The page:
Walking on campus amid large crowds may seem like a return to normalcy, but for history professor Kees Boterbloem, the lack of mitigation efforts on campus is uncomfortable and worrisome.
“The university declined to introduce obligatory masking. These were poor decisions, which is putting it mildly,” said Boterbloem. “I understand that USF, like the other public universities in Florida, did not want to incur the wrath of the governor, but I wish they would have at least followed the example of the various … Florida school boards in requiring indoor masking for all working and studying before term started.”
The university reopened to full capacity Monday without the mandatory mask-wearing and social distancing mitigation efforts compared with the previous academic year, and students, such as international studies and sociology major Harold Guedez, felt a combination of nerves and enthusiasm about his return to a full campus.
“Being on campus was exciting, but I was definitely surprised at the amount of people back and walking on campus for the first time in around a year and a half,” said Guedez. “I’m happy but nervous at the same time because of the possibility of outbreaks due to the lack of mitigation efforts.”
Cameron Buchanan, a junior majoring in marketing, witnessed what the absence of mitigation efforts looks like firsthand in his classes this first week.
“I knew there were going to be people not wearing masks on campus this semester, but I was genuinely shocked and uncomfortable to see the majority of the students in my lecture class without masks,” said Buchanan.
When reflecting on being back on campus, Boterbloem felt uncertain and fearful for what the future looks like for those coming back to campus amid the pandemic.
“I feel deeply saddened. We will never know the amount of people who will directly or indirectly fall ill because of the opening of USF at this time,” said Boterbloem. “[This is] a time when the pandemic is at its all-time worst peak in Florida.”
Boterbloem plans on returning to Microsoft Teams if he or any of his students get sick even though he believes the online mode of teaching is ineffective.
Last fall, 32.5% of classes were offered in person for students while 67.5% were online. This fall, 80% of the courses offered will be conducted in person, while only 19.5% will be offered online, drawing a larger number of students to campus.
While crowded classrooms and the big lines across campus have bothered some, others are not as concerned with the resumption of full operations for the semester. Michael Paszkiet, a junior majoring in health sciences, has not had any initial concerns about returning to campus and, at times, being surrounded by people without masks.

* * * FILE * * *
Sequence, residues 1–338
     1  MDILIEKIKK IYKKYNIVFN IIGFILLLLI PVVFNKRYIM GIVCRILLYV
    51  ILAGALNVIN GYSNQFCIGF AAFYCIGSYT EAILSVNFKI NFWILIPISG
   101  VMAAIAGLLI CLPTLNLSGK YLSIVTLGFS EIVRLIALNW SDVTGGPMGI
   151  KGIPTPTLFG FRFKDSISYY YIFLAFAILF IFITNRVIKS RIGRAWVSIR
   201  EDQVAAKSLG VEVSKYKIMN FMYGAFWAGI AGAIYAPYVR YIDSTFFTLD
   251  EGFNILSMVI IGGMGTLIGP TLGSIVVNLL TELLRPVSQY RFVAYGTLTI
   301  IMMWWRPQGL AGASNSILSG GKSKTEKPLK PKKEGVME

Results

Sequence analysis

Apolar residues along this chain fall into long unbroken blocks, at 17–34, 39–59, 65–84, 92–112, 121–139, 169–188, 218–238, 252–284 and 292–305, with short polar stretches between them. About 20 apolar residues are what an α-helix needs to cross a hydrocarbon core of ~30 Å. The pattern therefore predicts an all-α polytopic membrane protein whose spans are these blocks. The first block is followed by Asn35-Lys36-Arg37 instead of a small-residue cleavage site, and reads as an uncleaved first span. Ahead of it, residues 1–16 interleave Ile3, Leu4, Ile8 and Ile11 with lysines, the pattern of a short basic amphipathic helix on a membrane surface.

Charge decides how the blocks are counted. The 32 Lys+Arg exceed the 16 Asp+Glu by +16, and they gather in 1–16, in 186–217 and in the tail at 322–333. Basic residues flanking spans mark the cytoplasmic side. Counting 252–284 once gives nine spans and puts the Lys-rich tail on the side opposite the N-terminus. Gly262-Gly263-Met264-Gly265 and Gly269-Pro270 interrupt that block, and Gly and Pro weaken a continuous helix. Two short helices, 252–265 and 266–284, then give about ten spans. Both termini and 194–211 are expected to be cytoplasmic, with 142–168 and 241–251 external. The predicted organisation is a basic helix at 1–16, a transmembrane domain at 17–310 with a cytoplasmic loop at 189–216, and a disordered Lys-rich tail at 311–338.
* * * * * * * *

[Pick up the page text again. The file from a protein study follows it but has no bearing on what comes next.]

“As of right now, I’m not too worried about being in my classrooms at full capacity again,” said Paszkiet. “Even when I encounter students who are not wearing masks, I don’t feel concerned because I know I’m wearing my mask.”
English professor Emily Jones also found herself filled with more excitement than fear with the opportunity to teach in person again.
“I’ve found that returning to campus has made me very excited, like the first-day jitters I used to feel when I was new to teaching,” said Jones. “For me, I think this isn’t so much about COVID-19 as it is about getting reacclimated to the classroom environment.”
Jones believes her students will follow basic health and safety measures, so she decided not to impose any modifications on her usual class structure aside from applying aspects of the online format used last academic year just in case classes go back online.
“As for the physical setup of the classroom, I’m simply trusting my students to wear masks and be considerate, which so far they have all done,” said Jones. “I think using online aspects will help us be ready for a more seamless transition in case we have to switch modalities because of the delta variant.”
Gabriella DiFabio, a senior majoring in criminology and psychology, fears there’s a chance classes will be switching online based on her visits to USF’s Campus Recreation Center, where she saw many people not wearing masks.
“Each time I have gone to the Campus Recreation Center, there are not only large numbers of people inside at the same time, but there are also so many people without masks,” said DiFabio. “Seeing that has made me feel worried that there will be an outbreak on campus soon.”
Alexis McDonald, junior majoring in English and political science, has had the opposite experience so far as she has been surrounded by people wearing masks indoors at popular places on campus, such as the library.
“I spend most of my time at the library when I’m on campus, so I am really glad to see students wearing their masks,” said McDonald. “It’s encouraging to see this, but I do still have my concerns.”
Some students, such as sophomore Ferdous Murphy majoring in chemical engineering, have been surprised and pleased to see so many students wearing masks in his classes since none of his teachers have fostered setups to decrease the spread of the delta variant.
“Unfortunately, none of my classes have any specific accommodations in place to prevent students from getting sick, but to my surprise, many students in classes were wearing masks even though they got vaccinated,” said Murphy.
World languages professor Martin Lalande isn’t worried about teaching full classes and has decided to not change the setup of his classroom unless there is an outbreak among his students.
“Unless the delta variant becomes an issue in class, then I will continue to teach my classes regularly,” said Lalande. “We needed to be back in class, we needed this human interaction again.”
Despite the fact the fall semester just began, Boterbloem feels unsafe on campus and hopes everyone will get vaccinated and take health precautions.
“I do not feel at ease returning to campus, so I just request that all students wear a mask and get a vaccine immediately,” said Boterbloem.